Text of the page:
Christiaan de Wet surrenders in 1915, after having fled and fought in Namibia. Photo Credit: SANDF document center.
Christiaan de Wet surrenders in 1915, after having fled and fought in Namibia. Photo Credit: SANDF document center.

By 1906 Milner’s term ended, and a more conciliatory British administrator took over, granting self governance to the Transvaal in the same year. With his support, Boer leaders Louis Botha and Jan Smuts began to consciously work towards a more united South Africa. In 1910 the four regional colonies were reformed into the Union of South Africa, eight years to the day after Vereeniging. Louis Botha became its first Prime Minister. In 1914, against the backdrop of World War One, Christiaan de Wet and other holdouts launched their final play at independence. The little-known Maritz Rebellion raised 12,000 men, and was almost immediately quashed by Botha, Smuts, and an Afrikaner army. From then on, there was no questioning which side the Afrikaners were fighting for, and they spearheaded a successful invasion of German Namibia.

The Second Boer War feels like a dark glimpse into what the 20th Century had to offer the human race. In the short term there was the mineral wealth and prosperity that a burgeoning globalization brought, in the longer term the conflict that often follows on the heels of fortune. The industrial scale of death that became the hallmark of repeating rifles, trenches, artillery, and concentration camps showed what war would become. Yet as with the Treaty of Vereeniging, most of those lessons and cautions went unnoticed by the men involved, who wanted to move forward as quickly as they could to get away from the nightmare they had unleashed. It’s a series of mistakes we have repeated too often on scales both large and small.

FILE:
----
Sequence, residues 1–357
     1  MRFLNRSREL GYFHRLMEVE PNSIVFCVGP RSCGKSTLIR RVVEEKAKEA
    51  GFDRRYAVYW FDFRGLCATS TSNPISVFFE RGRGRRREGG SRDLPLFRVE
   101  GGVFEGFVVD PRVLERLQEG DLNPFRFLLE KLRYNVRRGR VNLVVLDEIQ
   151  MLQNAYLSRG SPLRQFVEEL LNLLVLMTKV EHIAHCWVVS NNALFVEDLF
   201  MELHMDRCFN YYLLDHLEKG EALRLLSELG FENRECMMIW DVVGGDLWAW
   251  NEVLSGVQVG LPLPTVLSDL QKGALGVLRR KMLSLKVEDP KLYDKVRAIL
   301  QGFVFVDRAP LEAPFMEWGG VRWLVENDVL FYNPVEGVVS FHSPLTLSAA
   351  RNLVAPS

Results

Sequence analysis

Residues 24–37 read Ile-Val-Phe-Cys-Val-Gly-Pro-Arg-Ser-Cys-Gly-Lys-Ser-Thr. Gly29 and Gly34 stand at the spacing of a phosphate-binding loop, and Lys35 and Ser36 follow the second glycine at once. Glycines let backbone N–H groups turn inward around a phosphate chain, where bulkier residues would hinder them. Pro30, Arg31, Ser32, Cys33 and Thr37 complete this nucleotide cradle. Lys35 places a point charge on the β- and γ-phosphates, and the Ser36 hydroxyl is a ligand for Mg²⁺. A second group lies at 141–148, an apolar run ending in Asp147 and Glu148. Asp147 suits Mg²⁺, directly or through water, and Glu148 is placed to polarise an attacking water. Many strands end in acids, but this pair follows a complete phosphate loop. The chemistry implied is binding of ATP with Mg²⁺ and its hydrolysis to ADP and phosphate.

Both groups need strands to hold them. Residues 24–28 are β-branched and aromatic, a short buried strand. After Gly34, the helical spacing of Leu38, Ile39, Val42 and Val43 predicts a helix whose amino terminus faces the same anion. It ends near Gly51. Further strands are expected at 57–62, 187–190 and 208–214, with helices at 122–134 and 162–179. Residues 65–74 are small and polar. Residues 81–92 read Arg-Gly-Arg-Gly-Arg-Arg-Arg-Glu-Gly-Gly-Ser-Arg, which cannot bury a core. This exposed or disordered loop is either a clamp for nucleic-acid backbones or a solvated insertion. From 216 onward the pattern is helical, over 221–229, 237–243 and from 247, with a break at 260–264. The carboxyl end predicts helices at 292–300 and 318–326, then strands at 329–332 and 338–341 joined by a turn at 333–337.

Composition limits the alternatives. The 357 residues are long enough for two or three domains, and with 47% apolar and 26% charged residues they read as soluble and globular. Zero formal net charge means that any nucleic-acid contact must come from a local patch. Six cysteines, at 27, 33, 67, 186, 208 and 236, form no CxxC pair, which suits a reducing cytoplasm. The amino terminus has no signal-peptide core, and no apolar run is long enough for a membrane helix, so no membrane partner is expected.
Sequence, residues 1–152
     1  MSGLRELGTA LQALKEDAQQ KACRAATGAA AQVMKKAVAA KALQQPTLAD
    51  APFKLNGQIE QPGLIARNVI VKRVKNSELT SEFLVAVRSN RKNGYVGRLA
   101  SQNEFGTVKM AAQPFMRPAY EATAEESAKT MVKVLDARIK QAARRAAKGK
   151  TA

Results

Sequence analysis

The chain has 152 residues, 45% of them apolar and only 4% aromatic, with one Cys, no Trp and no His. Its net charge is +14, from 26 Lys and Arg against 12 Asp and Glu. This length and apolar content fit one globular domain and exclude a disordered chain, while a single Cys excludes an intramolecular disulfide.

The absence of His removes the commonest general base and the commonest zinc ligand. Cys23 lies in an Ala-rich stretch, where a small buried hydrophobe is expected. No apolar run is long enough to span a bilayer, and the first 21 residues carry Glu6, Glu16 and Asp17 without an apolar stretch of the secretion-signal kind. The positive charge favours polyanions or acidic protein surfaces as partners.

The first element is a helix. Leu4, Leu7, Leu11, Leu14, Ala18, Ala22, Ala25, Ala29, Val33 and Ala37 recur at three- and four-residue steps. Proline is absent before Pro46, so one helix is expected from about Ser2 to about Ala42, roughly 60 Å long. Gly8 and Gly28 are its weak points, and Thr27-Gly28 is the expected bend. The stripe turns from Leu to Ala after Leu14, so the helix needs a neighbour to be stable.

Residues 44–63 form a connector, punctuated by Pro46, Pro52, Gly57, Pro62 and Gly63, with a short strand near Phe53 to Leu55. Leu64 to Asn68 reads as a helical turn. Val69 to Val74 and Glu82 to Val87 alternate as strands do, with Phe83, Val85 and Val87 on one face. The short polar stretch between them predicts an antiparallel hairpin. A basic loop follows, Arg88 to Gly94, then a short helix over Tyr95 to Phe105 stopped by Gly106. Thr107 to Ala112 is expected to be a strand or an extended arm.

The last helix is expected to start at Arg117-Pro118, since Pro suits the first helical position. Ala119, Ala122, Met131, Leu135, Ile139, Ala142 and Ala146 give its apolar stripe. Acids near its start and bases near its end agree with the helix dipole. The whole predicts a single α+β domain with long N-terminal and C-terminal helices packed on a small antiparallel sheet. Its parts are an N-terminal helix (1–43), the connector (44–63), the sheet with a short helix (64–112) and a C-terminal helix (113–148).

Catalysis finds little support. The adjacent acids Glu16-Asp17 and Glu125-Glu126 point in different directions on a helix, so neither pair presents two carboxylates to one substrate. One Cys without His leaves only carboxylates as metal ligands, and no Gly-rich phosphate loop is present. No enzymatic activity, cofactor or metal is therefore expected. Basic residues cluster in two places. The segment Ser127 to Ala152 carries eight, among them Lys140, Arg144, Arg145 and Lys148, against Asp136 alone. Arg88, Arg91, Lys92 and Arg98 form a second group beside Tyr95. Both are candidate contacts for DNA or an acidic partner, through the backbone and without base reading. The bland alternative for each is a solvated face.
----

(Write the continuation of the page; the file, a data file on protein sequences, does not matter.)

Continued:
[1] Steyn had actually been on the lam for the entire time. The effort exhausted him, and he was too sick to sign the final peace treaty when it took shape. The war probably shortened his life immensely, and he died at the age of 58 in 1916.

[2] Cavendish, R. 2002. The Treaty of Vereeniging. History Today. Available at: http://www.historytoday.com/richard-cavendish/peace-vereeniging

[3] This wasn’t to say that all fighting was on hold. Throughout April Jan Smuts’ commando laid siege to a copper mine at Okiep. When initial attacks failed, Smuts openly contemplated filling a freight train with explosives and rolling it into the town. In early May the town was relieved by British troops.

[4] Incidentally, Vereeniging was both the name of the town, and translates to “Unity” in Afrikaans.